Wednesday, March 22, 2023

Misfires and Hangfires and Squibs, oh my!

While working on a segment for Assorted Calibers Podcast, I realized that it's likely not all of our listeners there, or our readers here, would be familiar with the three main ammunition failures and how to safely resolve them.

There are overlapping potential causes of these issues, so it's not a simple linear list. For example, ammunition contaminated with a liquid (water, oil, solvent, etc.) can result in any of the three malfunctions, so I'm not going to focus on root causes.

The basic definitions of these ammunition failures are:

  1. Misfire: the round doesn’t fire, resulting in a click but no bang. This could be due to (among other things) a bad primer, no primer, or a light firing pin strike.
  2. Hangfire: a perceptible delay between pulling the trigger and firing. This usually results from contaminated gunpowder or primers, which causes the powder to ignite slowly.
  3. Squib: the round is underpowered and the bullet gets stuck in the barrel. This could be due to a more advanced contamination issue as with a hangfire, or an improper load with little or no powder.

The squib is the most dangerous of the three ammunition malfunctions due to the possibility of firing a following round into a blocked barrel. However, it is fairly easy to detect a squib if the shooter is paying attention: due to the reduced pressure, recoil will be softer, muzzle blast will be quieter, and (if fired in low light) muzzle flash will be minimal if it's even visible at all.

The nose of a squib is just visible in this barrel

For all three situations, the immediate action is the same: Stop! After that, keep the muzzle pointed in a safe direction, finger off the trigger, and remove the magazine (if appropriate).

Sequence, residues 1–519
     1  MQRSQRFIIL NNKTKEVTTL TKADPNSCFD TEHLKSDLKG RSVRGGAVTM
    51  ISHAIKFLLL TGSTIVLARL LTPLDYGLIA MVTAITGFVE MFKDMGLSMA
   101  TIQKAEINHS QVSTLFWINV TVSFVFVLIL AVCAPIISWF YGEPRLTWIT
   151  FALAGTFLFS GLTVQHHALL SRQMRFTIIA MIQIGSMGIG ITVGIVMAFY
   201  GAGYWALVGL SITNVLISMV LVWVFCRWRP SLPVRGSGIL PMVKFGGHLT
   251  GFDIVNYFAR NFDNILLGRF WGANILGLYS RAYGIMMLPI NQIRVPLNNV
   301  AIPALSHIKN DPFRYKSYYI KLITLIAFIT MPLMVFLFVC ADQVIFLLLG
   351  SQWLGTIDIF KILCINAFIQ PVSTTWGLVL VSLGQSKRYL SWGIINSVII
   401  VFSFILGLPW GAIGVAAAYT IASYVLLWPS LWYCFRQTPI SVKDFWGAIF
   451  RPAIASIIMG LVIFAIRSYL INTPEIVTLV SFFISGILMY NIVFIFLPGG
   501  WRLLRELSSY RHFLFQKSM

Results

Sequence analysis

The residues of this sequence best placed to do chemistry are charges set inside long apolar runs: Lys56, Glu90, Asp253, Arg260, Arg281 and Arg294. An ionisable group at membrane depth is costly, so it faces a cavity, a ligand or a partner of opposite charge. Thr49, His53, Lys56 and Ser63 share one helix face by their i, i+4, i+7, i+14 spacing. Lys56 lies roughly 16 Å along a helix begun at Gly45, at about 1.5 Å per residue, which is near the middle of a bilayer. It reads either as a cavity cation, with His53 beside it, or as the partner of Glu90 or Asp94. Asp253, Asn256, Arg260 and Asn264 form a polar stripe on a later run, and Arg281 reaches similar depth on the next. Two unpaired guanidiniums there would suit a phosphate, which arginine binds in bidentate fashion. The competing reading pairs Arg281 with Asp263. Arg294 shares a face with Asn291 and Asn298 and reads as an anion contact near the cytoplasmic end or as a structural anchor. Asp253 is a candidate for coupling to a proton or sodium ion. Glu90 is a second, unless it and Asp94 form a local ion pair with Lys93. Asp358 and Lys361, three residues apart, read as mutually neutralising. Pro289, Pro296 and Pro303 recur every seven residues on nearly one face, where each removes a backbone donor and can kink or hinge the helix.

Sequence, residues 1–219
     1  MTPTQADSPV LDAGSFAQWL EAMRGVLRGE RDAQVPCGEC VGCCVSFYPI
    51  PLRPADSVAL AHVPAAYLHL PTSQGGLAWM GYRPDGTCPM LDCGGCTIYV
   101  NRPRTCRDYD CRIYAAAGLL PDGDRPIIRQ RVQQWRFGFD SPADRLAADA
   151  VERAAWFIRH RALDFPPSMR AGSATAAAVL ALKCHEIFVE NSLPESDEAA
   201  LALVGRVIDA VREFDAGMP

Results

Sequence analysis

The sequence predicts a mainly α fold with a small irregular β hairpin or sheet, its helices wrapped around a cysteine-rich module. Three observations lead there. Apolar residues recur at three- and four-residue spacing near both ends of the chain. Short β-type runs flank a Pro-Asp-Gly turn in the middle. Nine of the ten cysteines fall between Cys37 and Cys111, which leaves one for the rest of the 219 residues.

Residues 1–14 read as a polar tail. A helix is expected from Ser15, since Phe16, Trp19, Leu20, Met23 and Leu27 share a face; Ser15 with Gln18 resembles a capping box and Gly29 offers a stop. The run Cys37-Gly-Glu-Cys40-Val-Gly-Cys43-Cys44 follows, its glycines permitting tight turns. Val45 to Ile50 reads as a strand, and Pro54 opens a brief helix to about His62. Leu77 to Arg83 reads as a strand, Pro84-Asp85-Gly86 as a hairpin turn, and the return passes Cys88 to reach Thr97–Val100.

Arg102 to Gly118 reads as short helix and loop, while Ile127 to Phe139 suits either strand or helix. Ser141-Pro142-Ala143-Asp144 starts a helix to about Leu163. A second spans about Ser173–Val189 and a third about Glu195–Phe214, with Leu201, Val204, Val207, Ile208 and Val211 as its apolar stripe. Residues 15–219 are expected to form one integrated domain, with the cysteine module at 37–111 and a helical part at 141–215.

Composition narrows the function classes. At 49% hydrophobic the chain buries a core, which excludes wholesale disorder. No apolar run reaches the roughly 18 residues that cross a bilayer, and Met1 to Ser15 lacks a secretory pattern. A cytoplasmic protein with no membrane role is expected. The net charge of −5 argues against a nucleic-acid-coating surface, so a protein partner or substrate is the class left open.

• For a misfire, wait 30 seconds to make sure it's really not going to go off, then eject the round, being careful to keep fleshy bits like hands away from the ejection port. 
  • If a hangfire occurred, check to make sure the empty case ejected and the barrel is clear. In both cases, assuming everything looks fine, reload and continue shooting.
  • With a squib, the gun is out of service until the blockage is removed from the barrel.

There are several processes that can be used to remove the stuck bullet. What follows is mine:

  1. Remove the barrel from the gun.
  2. Secure the barrel, muzzle down, in a vice with soft jaws.
  3. A couple of drops of penetrating oil in the barrel can help.
  4. Place a brass rod just smaller than bore diameter in the barrel.
  5. Only an inch or two of the rod should protrude from the chamber.
  6. Using a rubber, rawhide, or dead blow mallet, tap the rod to get the bullet moving.
  7. Once the rod is nearly flush with the end of the barrel, replace it with a longer one.
  8. Repeat until the bullet is clear.
  9. Clean the barrel, then check it inside and out for any damage.
  10. If everything looks good, reassemble the firearm and test fire.

If the barrel can't easily be removed, such as with revolvers, secure the barrel muzzle up and follow the same steps. Be extra careful not to mar the barrel crown, as this will likely negatively affect accuracy.

Stay safe and keep your ammunition dry

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